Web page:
Let’s try to wrap our heads around this one. Or wait, is it the other way around?
360-degree video is shot with a special camera or array of cameras that captures everything around the camera in a full 360-degree panorama. It’s stitched together so that a viewer with a VR headset — such as Oculus Rift, Samsung Gear VR, or Google Cardboard — can watch the video, turning their head to see what’s around them.
For those without a headset, 360-degree video can be “enjoyed” on computers and mobile devices through special video players incorporated by sites like YouTube and Facebook. Here the user can drag their finger or mouse around the video to see what’s going on in the surrounding area.
360 Video in the Real World
The first time someone sees a well-produced 360 video, it’s usually a pretty cool experience, especially if they have a good VR headset. We are used to watching something on a screen and being locked into what the filmmaker wants to show us, so suddenly having more freedom feels liberating.
Of course, there are varying degrees of success with format right away. When Bjork was one of the first musicians to release a 360 video, she made it subtle and interesting, choosing to walk around the 360-degree world and guide the viewer through it, then adding multiple versions of herself so no matter where you turned, there was something to see.
On the other hand, the explosion of 360 video means several people are creating videos with no real purpose. They can end up being a distraction instead of an attraction. Filmmakers who really only need to show one focal point are making 360 videos that just let viewers turn around to see bland backgrounds, meanwhile missing all the action in front of them.
Take this 360 video for a Sacramento prison as an example. The filmmakers, no doubt, wanted to make the prison an immersive experience, but often, the most important visual information is in one spot, with the reverse view being a parking lot or utility building.
Furthermore, the filmmakers mixed the 360 footage with traditional 2D film clips that they placed in panels in the environment. It’s easy for the viewer to be turned around and miss these inserted clips entirely, making the video far less effective than it could be in a traditional format.
Regardless of the overall quality of these videos, the rollout of 360-degree videos is definitely picking up steam. YouTube has a channel dedicated to 360 videos. The channel is just over a few years old and has over 3 million subscribers. It houses clips ranging from music videos to extreme sports clips, to horror shorts.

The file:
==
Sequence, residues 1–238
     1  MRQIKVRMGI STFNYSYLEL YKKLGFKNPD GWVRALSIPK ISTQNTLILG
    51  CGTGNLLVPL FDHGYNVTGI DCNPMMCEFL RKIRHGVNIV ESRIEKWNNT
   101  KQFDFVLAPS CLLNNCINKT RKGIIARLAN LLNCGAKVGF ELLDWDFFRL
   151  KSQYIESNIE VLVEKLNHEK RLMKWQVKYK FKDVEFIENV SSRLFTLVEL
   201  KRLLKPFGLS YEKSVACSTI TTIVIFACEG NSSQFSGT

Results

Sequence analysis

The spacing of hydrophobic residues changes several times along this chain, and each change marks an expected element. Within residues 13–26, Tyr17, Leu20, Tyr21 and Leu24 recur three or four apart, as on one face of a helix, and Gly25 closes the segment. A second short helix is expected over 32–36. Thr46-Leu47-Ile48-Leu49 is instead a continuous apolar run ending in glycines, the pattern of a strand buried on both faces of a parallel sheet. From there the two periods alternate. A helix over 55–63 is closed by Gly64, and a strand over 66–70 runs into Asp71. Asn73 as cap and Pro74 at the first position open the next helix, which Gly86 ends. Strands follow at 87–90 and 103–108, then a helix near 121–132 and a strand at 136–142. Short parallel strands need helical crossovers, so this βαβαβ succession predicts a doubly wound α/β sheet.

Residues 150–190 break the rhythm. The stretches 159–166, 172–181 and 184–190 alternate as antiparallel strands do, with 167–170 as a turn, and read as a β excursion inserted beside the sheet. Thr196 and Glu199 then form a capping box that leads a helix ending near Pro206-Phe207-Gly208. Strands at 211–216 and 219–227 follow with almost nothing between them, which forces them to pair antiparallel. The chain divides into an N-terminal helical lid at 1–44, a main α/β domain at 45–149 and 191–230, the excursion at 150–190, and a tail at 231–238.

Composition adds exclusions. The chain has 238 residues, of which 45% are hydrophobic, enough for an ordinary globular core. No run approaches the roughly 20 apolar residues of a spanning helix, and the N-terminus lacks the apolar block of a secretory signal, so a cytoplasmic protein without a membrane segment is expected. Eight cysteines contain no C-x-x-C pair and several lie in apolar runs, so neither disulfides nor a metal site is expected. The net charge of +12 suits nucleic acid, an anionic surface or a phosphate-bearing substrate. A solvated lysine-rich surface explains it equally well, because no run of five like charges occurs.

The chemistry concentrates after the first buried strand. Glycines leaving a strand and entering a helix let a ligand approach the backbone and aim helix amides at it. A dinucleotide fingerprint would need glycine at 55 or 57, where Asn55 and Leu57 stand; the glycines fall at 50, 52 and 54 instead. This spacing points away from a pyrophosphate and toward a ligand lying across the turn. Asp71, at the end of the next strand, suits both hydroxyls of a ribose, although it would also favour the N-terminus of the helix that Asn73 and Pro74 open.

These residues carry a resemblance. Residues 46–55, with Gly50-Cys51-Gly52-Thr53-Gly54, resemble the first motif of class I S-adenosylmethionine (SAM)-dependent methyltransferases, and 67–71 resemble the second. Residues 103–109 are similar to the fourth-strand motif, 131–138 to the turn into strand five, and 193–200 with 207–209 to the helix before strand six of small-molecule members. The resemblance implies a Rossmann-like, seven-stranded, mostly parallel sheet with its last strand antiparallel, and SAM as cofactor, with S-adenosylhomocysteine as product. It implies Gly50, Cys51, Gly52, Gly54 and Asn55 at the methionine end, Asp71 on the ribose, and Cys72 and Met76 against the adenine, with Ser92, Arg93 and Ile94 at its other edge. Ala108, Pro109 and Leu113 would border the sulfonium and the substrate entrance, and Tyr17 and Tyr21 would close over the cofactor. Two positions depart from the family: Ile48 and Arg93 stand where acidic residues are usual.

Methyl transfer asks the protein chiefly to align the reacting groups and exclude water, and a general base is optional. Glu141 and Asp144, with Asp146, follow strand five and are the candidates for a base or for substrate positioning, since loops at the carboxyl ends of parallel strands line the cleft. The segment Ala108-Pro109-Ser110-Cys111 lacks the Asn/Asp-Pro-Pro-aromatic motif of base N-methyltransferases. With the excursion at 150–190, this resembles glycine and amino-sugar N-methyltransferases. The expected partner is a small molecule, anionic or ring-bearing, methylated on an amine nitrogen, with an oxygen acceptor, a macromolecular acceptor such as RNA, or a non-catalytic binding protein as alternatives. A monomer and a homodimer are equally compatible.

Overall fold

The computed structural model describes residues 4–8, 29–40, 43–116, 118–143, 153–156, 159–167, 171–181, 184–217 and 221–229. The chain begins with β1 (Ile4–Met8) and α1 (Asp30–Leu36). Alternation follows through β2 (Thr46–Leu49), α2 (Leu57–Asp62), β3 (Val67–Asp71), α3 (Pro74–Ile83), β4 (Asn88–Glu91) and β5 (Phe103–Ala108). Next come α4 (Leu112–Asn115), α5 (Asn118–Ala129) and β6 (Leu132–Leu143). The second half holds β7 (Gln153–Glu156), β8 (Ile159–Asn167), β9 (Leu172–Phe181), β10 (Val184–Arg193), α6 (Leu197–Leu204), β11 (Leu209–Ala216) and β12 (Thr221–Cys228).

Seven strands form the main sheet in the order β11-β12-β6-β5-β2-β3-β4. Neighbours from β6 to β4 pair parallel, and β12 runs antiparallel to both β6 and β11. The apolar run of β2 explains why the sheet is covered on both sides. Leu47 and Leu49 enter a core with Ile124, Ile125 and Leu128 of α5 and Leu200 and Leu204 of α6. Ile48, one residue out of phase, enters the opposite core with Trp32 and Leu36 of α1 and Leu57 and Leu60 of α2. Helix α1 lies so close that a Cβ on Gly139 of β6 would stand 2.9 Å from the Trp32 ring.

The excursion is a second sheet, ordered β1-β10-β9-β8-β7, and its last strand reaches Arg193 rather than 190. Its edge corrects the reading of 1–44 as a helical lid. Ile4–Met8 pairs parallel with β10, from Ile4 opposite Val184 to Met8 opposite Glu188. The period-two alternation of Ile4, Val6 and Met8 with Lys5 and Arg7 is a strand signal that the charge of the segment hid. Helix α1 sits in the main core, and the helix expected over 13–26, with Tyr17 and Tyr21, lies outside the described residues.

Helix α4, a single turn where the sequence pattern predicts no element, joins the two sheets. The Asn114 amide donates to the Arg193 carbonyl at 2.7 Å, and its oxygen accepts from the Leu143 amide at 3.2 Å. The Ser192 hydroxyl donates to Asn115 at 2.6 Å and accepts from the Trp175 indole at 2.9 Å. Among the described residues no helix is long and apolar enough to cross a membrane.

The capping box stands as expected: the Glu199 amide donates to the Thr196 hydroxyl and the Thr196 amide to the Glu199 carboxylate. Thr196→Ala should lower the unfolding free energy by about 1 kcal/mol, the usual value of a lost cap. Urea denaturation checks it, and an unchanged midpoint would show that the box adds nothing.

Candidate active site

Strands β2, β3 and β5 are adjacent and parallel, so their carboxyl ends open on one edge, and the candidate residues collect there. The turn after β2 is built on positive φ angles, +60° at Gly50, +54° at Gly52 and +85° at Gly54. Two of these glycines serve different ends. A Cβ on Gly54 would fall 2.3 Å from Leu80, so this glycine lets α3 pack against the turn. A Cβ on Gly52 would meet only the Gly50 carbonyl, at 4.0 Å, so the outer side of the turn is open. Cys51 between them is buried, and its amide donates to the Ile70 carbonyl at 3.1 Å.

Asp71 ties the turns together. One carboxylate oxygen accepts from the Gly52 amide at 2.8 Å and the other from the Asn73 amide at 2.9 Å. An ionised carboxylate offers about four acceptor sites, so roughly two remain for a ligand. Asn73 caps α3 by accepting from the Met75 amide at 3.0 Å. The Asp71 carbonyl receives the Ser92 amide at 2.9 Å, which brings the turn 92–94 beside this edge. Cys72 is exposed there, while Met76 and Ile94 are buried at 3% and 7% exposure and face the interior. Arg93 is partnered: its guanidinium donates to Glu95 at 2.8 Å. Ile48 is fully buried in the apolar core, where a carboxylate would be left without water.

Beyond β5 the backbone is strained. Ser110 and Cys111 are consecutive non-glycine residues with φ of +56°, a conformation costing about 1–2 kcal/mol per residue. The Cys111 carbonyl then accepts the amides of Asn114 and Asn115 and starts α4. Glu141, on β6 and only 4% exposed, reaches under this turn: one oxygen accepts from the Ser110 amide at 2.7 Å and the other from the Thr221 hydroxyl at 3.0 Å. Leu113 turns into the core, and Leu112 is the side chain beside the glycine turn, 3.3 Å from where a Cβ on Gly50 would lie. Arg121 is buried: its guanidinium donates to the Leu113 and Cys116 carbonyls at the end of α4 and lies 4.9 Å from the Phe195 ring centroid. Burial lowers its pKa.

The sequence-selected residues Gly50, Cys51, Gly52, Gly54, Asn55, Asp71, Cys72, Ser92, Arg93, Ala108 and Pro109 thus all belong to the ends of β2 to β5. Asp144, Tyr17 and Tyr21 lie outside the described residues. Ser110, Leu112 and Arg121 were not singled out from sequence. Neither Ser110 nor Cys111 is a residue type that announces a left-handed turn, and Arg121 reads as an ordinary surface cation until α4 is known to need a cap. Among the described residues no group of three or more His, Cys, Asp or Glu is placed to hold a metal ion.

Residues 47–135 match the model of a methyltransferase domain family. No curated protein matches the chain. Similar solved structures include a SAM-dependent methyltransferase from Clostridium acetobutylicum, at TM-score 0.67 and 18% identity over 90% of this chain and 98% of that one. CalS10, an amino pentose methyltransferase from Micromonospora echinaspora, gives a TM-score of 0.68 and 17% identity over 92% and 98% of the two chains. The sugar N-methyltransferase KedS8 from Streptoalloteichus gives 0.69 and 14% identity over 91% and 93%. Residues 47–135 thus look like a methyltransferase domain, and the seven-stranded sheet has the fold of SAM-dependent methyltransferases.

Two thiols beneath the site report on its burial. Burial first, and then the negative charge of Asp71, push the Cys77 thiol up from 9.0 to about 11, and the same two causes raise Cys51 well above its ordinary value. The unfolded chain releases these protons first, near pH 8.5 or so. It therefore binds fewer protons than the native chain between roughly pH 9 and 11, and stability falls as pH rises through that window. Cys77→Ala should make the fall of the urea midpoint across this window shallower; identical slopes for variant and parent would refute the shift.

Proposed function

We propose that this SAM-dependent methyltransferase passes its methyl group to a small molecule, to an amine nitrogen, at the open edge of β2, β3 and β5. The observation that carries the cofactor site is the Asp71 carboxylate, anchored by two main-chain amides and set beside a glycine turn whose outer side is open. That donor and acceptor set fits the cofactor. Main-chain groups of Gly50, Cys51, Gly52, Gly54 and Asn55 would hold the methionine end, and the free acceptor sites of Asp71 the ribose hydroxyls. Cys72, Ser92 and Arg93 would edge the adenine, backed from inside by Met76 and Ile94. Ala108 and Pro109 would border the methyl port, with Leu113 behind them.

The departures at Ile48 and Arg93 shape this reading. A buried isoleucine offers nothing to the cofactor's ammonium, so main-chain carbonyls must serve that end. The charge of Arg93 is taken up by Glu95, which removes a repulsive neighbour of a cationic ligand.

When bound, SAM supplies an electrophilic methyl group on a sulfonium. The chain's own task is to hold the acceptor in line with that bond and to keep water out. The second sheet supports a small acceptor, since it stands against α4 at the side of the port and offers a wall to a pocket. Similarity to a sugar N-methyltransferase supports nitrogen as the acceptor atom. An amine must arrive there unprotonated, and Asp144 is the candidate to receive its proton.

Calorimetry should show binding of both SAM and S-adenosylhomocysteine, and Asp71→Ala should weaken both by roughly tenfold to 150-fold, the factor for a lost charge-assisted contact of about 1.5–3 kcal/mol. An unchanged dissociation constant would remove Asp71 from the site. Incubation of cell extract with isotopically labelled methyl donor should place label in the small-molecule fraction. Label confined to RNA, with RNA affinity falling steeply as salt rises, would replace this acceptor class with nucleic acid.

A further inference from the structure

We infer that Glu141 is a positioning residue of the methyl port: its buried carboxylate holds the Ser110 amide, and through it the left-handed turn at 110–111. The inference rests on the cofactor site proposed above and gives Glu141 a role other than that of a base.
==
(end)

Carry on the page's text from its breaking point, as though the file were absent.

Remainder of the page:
They’ve even announced the integration of spatial audio into their player for an even more immersive experience.
And the recent announcement of updates to Adobe’s Premiere Pro CC editing software includes video editing tools for 360-degree video. Clearly the demand for such videos is high if Adobe is willing to build in tools for their creation.
Is 360 the Future of Video?
So is this the future of video as we know it? Maybe….. maybe not.
Many people think that VR is the future. The technology behind it is finally strong enough to support the processing power and video refresh rates needed for a cohesive experience. That much is true. But the promise of VR is an interactive experience that you can get lost in.
Imagine, for instance, a VR game where you move around a detailed 3D environment. You come upon a chest. You walk up to the chest, and slowly open it to reveal the treasure inside. That’s a truly immersive experience. Something that 360 video lacks. Sure, 360 lets you turn your head to see the crowd behind you at a concert, but you can move in and out of spaces, you can interact with the environment. Essentially, 360 video is just super, super wide-angle viewing.
There are players in the market trying to expand on this concept. Lytro, who we’ve discussed on this blog before, is working on a VR camera called Immerge that uses “light field” technology to capture depth in a space. They claim that you will be able to move around a 360 style video and see in and under things.
Remember when 3D was all the rage? A few years back 3D TVs landed in the market and everyone was clamoring to get one for their living room. It seemed like every movie that came out in the theaters was in 3D and eventually, we’d only watch 3D movies on all of our devices. Only, that didn’t happen. Sure, there are still plenty of 3D fanatics out there, and many movies being shot for 3D, but it didn’t dramatically change the world of filmmaking as some thought. It only added a layer to the options for what was doable.
As the 3D fad started to wane, what was left was innovative filmmakers who really knew how to use the medium to their advantage, using 3D because it made the most sense for their vision.
We suspect that 360 video may follow a similar trajectory. Today, everyone wants to make a 360 video. It’s a shiny new toy that will guarantee YouTube views while the hungry masses are eager to check out the latest and greatest. But given a little time, people will grow bored with poorly executed content in 360 and content production in 360 will likely slow.
Still, visionaries with creative ideas will make 360 videos that are compelling and original, keeping the format going. 360 video will find its place but it won’t likely be on every video screen in the world for every consumer.